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Comment Re:Flash (Score 1) 742

You haven't tried this have you? I did. My 8 year old wanted a little netbook just for this kind of stuff (PBS Kids, Nick Jr and Webkins). The flash user interfaces for these things were beyond useless on the tiny netbook screens. Anything below 1024x768 isn't in the design center for these little cames and it basically doesn't work. Try it in the store before you buy if you're considering this.

I agree there is lots of good content, but much of it won't actually work on a low-end netbook -- and flash doesn't scale down to even try.

Comment LotR, authors (Score 1) 1397

For my personal machines I've long used the last names of my favorite authors: Eco, Calvino, Borges, Pavic....

At a startup we used names drawn from Tolkien's 'Lord of the Rings' to name practically everything. Unfortunately, I think that only really made sense to me. Servers were named after rivers (Anduin, Rauros, ...), the wireless GWs after wizards (Gandalf, Ragadast). The biggest problem I had was that most of the names were too unfamiliar to the rest of the office for them to remember or spell correctly.


Comment Re:Does xVM really support SPARC? (Score 4, Informative) 154

xVM Ops Center supports SPARC and xVM Systems. The current version of xVM Server is focused on x86/x64 platforms, but you can use xVM Ops Center to manage Solaris virtualization technologies like Solaris Containers.


-Steve Wilson
Sun Microsystems

Comment Inventory Control, POS, and Linux (Score 1) 264

First of all: what problem are you trying to solve? You mention bar codes and better inventory control, which is a larger scope that just point of sale. Are you wishing to receive into inventory? Perform physical inventory? Audit? Generate purchase orders?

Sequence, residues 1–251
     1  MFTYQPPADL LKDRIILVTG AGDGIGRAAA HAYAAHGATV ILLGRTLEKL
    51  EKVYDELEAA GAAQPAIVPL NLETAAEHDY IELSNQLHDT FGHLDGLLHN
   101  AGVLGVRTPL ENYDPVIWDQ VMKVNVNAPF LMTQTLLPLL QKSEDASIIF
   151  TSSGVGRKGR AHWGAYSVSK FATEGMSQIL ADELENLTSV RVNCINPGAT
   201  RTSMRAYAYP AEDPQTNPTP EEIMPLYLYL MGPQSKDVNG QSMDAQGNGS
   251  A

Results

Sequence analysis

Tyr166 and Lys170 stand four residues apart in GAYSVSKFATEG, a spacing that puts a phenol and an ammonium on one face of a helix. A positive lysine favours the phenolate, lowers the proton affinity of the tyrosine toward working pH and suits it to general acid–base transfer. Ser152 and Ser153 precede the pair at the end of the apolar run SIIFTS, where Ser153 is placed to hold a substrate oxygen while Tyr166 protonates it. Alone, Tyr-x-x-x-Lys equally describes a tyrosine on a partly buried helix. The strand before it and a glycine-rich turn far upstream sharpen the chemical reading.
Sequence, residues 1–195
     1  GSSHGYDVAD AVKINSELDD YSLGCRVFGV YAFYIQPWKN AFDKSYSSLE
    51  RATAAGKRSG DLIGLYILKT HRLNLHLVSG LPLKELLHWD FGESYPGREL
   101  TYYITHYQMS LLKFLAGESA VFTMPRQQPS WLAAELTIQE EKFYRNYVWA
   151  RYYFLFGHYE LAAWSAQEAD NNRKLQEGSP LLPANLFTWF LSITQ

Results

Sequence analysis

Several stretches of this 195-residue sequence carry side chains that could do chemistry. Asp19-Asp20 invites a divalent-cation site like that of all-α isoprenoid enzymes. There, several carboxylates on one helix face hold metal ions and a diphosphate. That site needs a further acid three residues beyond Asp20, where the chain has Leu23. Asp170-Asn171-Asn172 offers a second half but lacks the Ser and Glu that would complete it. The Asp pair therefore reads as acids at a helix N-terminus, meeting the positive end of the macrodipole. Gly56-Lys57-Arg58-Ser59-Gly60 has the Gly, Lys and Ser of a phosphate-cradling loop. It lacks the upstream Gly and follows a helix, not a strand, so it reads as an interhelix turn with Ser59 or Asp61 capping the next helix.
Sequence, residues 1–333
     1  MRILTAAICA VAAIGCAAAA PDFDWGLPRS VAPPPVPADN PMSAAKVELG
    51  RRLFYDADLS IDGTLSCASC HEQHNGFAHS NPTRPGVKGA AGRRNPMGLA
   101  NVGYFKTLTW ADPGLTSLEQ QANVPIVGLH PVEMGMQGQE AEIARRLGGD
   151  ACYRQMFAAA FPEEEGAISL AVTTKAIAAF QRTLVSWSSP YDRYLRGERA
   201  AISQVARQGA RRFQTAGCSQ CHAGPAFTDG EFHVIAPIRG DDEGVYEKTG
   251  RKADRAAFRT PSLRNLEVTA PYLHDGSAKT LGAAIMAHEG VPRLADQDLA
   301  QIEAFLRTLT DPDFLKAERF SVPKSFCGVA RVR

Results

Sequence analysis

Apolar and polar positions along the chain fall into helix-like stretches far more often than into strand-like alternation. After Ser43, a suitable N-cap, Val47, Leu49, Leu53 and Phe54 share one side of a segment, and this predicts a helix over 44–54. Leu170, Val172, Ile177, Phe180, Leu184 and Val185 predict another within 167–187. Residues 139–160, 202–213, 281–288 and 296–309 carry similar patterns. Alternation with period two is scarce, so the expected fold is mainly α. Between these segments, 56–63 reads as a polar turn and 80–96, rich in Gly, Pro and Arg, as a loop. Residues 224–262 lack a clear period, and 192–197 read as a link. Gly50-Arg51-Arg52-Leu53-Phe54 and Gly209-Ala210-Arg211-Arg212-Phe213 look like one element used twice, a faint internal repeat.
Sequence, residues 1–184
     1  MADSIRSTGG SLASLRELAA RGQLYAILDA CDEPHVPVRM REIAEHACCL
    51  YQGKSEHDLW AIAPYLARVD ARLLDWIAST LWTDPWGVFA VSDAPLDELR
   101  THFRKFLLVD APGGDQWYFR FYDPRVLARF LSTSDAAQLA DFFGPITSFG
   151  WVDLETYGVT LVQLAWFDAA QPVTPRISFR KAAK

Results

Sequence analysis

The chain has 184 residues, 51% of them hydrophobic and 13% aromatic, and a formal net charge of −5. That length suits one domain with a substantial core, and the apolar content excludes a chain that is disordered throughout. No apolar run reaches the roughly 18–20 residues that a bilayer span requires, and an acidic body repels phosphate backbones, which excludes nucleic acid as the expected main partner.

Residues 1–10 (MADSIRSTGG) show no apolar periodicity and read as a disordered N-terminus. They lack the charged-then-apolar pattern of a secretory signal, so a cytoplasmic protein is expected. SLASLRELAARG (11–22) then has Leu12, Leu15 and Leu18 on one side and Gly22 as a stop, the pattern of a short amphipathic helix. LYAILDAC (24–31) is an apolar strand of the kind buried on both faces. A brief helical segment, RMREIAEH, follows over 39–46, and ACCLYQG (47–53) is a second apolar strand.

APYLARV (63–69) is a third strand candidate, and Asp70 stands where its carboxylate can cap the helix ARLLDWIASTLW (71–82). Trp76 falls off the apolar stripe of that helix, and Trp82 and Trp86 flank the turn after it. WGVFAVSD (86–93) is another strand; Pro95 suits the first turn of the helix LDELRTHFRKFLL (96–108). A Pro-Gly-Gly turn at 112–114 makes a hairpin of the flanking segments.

You mention Linux compatibility with barcode and other retail equipment: generally speaking Linux is 'compatible' with a great variety of equipment. I really don't think that will be an issue.

You mention datamining. I don't know the scale of your retail operations, so I don't really know what you mean by that. I assume that you want to know what particular customers are buying so that you can a) improve your ability to accurately order inventory, b) suggest items of interest to customers based on similar purchase patterns, and c) realize better margins by more intelligent up-selling. All of these boil down to good domain knowledge of your retail sector, good awareness of the market, and developing a good understanding of your customers. That is, ask yourself how much datamining is going to help before you go down that road. [ Do you have any kind of customer loyalty program (frequent purchaser discounts, points, etc.)

You mention output in a useful format. The format isn't that important. Understanding what needs to be reported using useful metrics is important, and the harder question. Transforming data into CSV is not that hard.

To that I'll add that I agree with some other posters as to whether you should produce your own retail systems. There is plenty of risk in such an endeavor, not the least of which is your implicit agreement to keep such a system running... forever. Of course, that's a nice inventive to do it well, too.

Since a few others have mentioned their credentials, I'll add that I produced and managed the development of a significant number of *nix retail applications for a Fortune 500 retailer.
Jim Greer

Journal Journal: 15 minutes

Why, yes, I am _that_ Jim Greer. Thanks for asking.

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